FS MSSEL 1000pxOn November 7, in the Hillsborough Library, nearly 50 parents joined Nueva’s technology director, Ed Chen, middle school social-emotional learning (SEL) teachers Abby Reider, Janelle Spanier, Alison Williams, and counselor Christine Tam, for an informative parent education night focused on the healthy use of media.

The program, entitled "Kids and Tech...Now What? Navigating Teens and Their Tech World," included presentations by the Nueva team followed by expert discussion from My Digital TAT2 founder Gloria Moskowitz-Sweet, LCSW, PPSC.

Nueva’s SEL team framed the discussion for the evening, covering objectives, classroom curricula, and their observations around this important topic. Abby, excited about the opportunity to connect with parents, shared, “Every year, our SEL program engages students in lively lessons and conversations about digital citizenship and the role of technology in our lives. An evening like this further opens our dialogue with parents, enriching our three-way partnership and helping all to navigate these challenges and opportunities.”

Shaped by results of a pre-meeting survey of Nueva parents, Gloria’s presentation focused on deciphering healthy vs. unhealthy technology use, strategies for creating limits around technology use, and developing ways to help students focus while online. She emphasized the importance of having cooperative and collaborative conversations with students. Parents participated in the evening by sharing about their own technology use, their concerns, and the ways they strive for balance.

Gloria provided observations accumulated from years of working with thousands of students around their technology use. A few of the highlights included:

  • Middle school students still accomplish all the tasks of growing up today that they faced in the pre-technology days: developing sense of self, establishing relationships and striving to be accepted, and establishing a sense of independence from parents.
  • Students bring their vision and creativity using technology in ways not previously imagined, creating both “the power and the challenge.” “There is no online or offline for them—they are always on,” said Gloria.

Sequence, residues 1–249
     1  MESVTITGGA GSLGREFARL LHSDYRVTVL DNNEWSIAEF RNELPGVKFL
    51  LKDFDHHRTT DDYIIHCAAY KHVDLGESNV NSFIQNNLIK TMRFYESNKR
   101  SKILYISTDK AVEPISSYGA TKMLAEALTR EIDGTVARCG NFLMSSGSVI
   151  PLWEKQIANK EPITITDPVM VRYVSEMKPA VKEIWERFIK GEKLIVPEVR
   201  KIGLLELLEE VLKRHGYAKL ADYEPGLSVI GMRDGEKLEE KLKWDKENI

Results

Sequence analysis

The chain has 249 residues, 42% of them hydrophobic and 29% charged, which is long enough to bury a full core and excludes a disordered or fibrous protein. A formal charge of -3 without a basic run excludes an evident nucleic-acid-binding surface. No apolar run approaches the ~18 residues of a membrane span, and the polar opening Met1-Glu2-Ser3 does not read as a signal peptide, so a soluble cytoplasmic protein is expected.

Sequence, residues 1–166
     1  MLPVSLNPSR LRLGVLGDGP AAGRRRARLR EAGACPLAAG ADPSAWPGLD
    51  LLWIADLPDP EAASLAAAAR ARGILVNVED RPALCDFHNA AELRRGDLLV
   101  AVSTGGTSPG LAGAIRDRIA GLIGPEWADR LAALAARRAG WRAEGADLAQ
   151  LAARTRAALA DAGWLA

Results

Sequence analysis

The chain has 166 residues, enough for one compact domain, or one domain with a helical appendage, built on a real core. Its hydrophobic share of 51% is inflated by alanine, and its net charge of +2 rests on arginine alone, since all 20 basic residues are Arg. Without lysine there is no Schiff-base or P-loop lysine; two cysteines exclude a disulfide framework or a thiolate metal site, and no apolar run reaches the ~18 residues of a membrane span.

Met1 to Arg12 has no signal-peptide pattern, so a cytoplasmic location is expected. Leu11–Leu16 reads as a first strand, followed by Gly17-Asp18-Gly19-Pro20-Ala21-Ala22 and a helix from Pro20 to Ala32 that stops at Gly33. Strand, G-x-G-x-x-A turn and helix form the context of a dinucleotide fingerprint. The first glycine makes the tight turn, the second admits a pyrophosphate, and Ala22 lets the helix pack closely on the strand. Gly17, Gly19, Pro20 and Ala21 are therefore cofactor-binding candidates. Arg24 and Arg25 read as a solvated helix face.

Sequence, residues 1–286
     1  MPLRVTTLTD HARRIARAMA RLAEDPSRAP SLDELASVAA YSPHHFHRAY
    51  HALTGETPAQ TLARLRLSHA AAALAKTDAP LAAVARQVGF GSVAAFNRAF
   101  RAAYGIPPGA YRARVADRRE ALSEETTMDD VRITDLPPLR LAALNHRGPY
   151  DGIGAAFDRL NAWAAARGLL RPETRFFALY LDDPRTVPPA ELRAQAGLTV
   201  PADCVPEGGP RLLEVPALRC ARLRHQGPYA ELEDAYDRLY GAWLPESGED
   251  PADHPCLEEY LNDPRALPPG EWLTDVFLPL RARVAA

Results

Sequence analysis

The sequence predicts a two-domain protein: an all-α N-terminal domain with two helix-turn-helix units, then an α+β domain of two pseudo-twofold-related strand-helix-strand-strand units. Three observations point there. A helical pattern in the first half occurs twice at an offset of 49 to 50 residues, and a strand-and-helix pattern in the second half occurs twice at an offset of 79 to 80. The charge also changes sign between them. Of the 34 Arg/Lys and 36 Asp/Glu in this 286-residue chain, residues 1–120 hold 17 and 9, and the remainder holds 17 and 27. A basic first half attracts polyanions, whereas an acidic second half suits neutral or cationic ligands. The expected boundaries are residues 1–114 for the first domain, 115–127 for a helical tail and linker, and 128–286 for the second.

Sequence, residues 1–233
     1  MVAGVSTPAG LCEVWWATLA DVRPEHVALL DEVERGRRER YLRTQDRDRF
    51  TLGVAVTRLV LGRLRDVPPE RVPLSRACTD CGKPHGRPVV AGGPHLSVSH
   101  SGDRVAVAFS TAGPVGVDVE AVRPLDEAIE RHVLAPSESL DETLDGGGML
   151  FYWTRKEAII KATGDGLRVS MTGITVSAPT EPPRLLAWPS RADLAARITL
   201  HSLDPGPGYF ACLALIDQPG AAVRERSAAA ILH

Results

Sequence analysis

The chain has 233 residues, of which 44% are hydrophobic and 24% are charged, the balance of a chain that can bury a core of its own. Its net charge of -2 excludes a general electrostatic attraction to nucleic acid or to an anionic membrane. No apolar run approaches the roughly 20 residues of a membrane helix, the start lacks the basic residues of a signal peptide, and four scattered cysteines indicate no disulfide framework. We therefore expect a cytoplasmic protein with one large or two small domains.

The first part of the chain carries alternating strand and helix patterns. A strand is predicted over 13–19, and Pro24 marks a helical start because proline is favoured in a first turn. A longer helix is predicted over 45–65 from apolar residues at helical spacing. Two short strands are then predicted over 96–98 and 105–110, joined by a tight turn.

• Developing students’ critical thinking about their uses of technology creates enormous long-term benefits. It gives students the ability to step back and observe their own behavior, to “press pause,” and to actively design their usage.


Part of a Comprehensive SEL Curriculum
Technology and media literacy are two elements of the full breadth and depth of Nueva’s SEL curriculum for students in grades 5–8.

Designed to meet students where they are, the program helps students develop five main competencies, as identified by CASEL, the Collaborative for Academic, Social, and Emotional Learning: self-awareness, self-management, social awareness, relationship skills, and responsible decision-making.

Students meet weekly and practice skills through group work, discussion, reflective writing, improvisation, role-playing, visual arts, and cooperative games. In Open Session, a hallmark of the program, students ask questions of their peers, getting support about personal decisions, friendship struggles, and the normal stresses of growing up. In turn, students practice active listening, ask clarifying questions, and offering support, encouragement, and practical advice. Facilitated by faculty, this activity deepens trust among the students and expands use of their “SEL toolkit” and problem-solving skills.

Topics covered in SEL are sequenced and developed in response to the specific and unique needs of each class or grade. As developmentally appropriate, topics range from communication skills and interpersonal relationships, to health and nutrition, puberty education, mindfulness, and identity exploration. Substance abuse education is added for seventh and eighth graders, and is integrated with students’ studies in science.